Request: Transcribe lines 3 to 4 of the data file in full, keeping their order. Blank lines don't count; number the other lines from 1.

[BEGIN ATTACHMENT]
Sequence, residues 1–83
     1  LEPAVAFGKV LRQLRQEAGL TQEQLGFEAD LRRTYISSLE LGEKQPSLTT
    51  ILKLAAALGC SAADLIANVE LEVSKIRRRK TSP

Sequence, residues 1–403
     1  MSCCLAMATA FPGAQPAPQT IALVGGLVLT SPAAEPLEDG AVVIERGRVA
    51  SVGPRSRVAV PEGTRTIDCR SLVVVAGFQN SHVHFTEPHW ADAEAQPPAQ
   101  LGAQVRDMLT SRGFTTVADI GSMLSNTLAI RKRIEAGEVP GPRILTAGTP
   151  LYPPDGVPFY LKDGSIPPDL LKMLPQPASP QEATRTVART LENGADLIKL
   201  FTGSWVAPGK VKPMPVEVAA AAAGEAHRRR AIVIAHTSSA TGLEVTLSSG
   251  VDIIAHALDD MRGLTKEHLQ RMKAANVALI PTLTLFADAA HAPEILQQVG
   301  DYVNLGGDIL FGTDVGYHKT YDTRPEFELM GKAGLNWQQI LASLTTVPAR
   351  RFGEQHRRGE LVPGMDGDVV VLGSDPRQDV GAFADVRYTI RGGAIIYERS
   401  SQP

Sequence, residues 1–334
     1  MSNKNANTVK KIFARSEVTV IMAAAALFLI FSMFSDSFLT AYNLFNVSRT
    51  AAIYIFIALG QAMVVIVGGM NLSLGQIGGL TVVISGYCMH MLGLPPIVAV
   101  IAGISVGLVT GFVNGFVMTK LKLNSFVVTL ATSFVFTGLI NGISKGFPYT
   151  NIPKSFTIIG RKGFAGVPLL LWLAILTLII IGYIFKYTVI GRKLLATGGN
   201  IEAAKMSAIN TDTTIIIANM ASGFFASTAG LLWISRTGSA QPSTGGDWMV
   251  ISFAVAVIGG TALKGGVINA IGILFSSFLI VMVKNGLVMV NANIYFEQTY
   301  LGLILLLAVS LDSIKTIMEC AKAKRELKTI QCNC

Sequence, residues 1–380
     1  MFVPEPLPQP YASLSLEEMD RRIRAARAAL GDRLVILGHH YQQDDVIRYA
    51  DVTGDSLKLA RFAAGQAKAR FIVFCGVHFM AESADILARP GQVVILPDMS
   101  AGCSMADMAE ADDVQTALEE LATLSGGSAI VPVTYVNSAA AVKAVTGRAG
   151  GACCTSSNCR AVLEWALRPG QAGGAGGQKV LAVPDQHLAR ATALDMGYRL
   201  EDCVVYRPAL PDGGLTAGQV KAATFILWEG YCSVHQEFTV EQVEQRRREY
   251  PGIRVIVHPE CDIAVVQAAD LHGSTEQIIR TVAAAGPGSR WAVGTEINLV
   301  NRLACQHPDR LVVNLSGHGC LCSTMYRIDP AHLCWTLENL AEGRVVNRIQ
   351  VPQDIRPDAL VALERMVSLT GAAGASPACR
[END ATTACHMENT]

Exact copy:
    51  ILKLAAALGC SAADLIANVE LEVSKIRRRK TSP

Sequence, residues 1–403